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Community Giving

The last time we held our whole school walk was back in 2019 in a different pre-pandemic world. We were delighted to be able to finally hold it again today, walking through the Royal Parks.

Senior School pupils walked a 10km route, with the Junior School tackling a reduced 6km option. The walk is in aid of The Winch, a local charity which supports families in Camden. We chose to support The Winch because of our longstanding partnership with the charity, and in the hope that a significant donation from us could have more impact than a donation to a larger charity.

The Winch aims to help children and families ‘from cradle to community’. Its centre in North Camden enables local families to connect with each other for support and advice; the charity also runs the Belsize Community Library, a much-loved neighbourhood space. Their aim is to enable the children they support to flourish despite the very difficult circumstances their face. They do this by helping children and their parents to feel like valued and connected members of their local community. They run parent groups and classes and connect parents who might otherwise feel isolated and powerless. They run play groups, before and after school clubs, and holiday camps where children can enjoy reading, being creative and meeting new people.

There is much evidence to suggest that the earliest years of a child’s life have a critical impact on their life chances. Academies like Reach Academy Feltham have responded to this awareness by setting up their own nursery. We have some of the most expensive childcare in the world – a major issue for parents, and especially for mothers. And yet high-quality, early years childcare is even more important than higher education. It deserves a lot more attention and a proper national strategy.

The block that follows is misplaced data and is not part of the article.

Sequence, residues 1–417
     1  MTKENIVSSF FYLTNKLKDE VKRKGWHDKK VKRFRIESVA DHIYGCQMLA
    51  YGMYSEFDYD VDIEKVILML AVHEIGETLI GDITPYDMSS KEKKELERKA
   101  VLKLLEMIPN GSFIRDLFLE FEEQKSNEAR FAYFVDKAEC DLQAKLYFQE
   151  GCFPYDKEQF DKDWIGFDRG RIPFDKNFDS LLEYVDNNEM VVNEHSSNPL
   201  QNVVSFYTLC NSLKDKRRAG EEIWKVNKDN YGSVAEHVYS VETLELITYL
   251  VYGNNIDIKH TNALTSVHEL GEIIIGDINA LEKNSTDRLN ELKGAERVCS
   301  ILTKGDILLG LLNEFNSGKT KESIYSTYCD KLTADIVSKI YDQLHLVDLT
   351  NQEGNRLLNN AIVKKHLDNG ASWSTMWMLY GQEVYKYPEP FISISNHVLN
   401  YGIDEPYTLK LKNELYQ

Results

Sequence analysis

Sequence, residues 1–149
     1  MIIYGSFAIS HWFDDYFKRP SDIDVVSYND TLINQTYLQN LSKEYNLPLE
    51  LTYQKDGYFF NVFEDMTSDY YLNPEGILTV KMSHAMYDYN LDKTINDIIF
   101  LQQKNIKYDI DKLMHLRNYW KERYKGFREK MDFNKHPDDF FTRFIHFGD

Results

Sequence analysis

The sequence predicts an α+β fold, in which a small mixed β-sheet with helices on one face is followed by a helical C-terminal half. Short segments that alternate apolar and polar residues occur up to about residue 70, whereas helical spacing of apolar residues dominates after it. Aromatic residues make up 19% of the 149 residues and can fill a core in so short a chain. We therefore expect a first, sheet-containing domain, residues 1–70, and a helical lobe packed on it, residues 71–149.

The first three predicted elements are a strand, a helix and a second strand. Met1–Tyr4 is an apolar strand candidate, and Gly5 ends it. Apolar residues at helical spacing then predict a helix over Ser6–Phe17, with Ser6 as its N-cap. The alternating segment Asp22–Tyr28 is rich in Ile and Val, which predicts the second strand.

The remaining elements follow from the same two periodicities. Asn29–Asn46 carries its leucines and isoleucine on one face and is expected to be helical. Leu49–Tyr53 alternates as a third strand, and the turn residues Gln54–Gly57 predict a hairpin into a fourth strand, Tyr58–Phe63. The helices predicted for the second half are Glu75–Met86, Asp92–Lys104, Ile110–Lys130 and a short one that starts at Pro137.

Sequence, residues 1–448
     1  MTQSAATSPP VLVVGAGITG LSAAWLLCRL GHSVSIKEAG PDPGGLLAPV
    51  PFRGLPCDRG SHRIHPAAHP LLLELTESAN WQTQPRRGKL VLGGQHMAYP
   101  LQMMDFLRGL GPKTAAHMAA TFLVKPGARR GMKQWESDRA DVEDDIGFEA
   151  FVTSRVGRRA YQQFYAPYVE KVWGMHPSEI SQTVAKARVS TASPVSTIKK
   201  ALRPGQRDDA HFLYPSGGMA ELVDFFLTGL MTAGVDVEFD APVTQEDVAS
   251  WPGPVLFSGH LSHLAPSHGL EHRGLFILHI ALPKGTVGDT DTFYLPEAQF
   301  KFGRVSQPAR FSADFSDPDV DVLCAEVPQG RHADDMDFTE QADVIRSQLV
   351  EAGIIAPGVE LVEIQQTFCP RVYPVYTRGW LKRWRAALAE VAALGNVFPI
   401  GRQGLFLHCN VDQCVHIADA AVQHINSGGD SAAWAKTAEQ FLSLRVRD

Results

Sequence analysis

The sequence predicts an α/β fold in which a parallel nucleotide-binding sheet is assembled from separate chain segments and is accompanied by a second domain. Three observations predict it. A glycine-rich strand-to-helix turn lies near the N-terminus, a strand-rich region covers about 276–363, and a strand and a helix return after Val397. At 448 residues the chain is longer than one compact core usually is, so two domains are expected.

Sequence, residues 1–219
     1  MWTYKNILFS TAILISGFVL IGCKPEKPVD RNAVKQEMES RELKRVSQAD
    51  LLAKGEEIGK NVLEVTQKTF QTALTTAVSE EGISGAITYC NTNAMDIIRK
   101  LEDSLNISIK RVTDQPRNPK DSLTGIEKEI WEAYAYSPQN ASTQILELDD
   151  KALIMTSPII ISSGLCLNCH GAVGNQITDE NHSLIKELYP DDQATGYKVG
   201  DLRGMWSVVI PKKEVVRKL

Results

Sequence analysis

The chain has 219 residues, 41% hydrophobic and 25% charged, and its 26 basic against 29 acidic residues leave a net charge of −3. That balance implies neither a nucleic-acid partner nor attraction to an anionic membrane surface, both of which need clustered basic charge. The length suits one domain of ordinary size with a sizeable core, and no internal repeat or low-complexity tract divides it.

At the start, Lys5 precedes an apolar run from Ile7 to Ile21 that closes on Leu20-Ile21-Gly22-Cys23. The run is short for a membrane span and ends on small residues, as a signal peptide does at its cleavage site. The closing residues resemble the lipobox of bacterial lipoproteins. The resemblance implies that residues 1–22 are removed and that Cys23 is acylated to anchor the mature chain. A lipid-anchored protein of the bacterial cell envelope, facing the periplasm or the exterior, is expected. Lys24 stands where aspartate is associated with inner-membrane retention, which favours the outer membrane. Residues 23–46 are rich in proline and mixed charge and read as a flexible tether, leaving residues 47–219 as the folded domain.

I remember reading an interview with Angela Rayner in which she talked about her experiences as a teenager mother bringing up her son, Ryan. Rayner’s own childhood had been chaotic, growing up with a mother who struggled with addiction. It was only when Rayner took Ryan to a Sure Start centre for young children that she realised that parents were meant to hug their children. She talked in the interview about how, up until that point, she thought parenting was just about feeding your child and getting them to bed. She was lamenting the demise of the Sure Start centres, particularly for young and isolated mothers like her. Government often refrains from getting too involved in early childhood policies for fear of coming across like the nanny state, but arguably it is in early childhood that they should be most involved.

Parenting is not easy. Despite the inordinate number of books written on the subject, there really is no rulebook, just a lot of advice. Theories abound, often conflicting but intensely held theories; in 2023, how you parent can sometimes be taken as a sign of your ethical worth. Strict parents take pride in being strict, more liberal parents take pride in being more liberal. But some parents face unimaginable challenges, and The Winch aims to support those parents and their children: children whose households cannot afford books or toys; mothers who are isolated from their communities, often through lack of funds, to engage in activities to meet other parents; teenagers who need support with mentoring and work experience; primary school children who need support with making the all-important transition to secondary school… For every step of their childhood, The Winch is there to help these children and young people, and we are proud to support this fantastic charity for our whole school walk. We have already raised over £8,000 from the walk alone – further donations are still very welcome via ParentPay.

Our recent ISI report highlighted the incredible strength of our pupils’ sense of service to the wider community. This sense of purpose, kindness and commitment is at the very core of our own community – thank you to all that you do to help make a difference.

This sense of purpose, kindness and commitment is at the very core of our own community.

Blog post by Vicky Bingham, Headmistress from 2017 to 2023.  

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